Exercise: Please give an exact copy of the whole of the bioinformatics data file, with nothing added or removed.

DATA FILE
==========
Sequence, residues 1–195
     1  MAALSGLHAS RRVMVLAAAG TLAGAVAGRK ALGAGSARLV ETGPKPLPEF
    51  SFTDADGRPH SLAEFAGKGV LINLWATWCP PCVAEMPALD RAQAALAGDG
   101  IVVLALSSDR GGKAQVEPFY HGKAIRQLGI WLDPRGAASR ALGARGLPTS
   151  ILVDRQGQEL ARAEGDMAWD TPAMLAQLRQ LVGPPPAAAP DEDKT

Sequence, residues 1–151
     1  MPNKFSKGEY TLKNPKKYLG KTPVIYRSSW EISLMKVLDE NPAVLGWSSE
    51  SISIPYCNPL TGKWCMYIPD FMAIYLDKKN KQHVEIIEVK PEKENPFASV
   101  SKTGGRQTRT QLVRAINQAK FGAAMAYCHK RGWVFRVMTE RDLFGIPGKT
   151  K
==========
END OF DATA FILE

Sequence, residues 1–195
     1  MAALSGLHAS RRVMVLAAAG TLAGAVAGRK ALGAGSARLV ETGPKPLPEF
    51  SFTDADGRPH SLAEFAGKGV LINLWATWCP PCVAEMPALD RAQAALAGDG
   101  IVVLALSSDR GGKAQVEPFY HGKAIRQLGI WLDPRGAASR ALGARGLPTS
   151  ILVDRQGQEL ARAEGDMAWD TPAMLAQLRQ LVGPPPAAAP DEDKT

Sequence, residues 1–151
     1  MPNKFSKGEY TLKNPKKYLG KTPVIYRSSW EISLMKVLDE NPAVLGWSSE
    51  SISIPYCNPL TGKWCMYIPD FMAIYLDKKN KQHVEIIEVK PEKENPFASV
   101  SKTGGRQTRT QLVRAINQAK FGAAMAYCHK RGWVFRVMTE RDLFGIPGKT
   151  K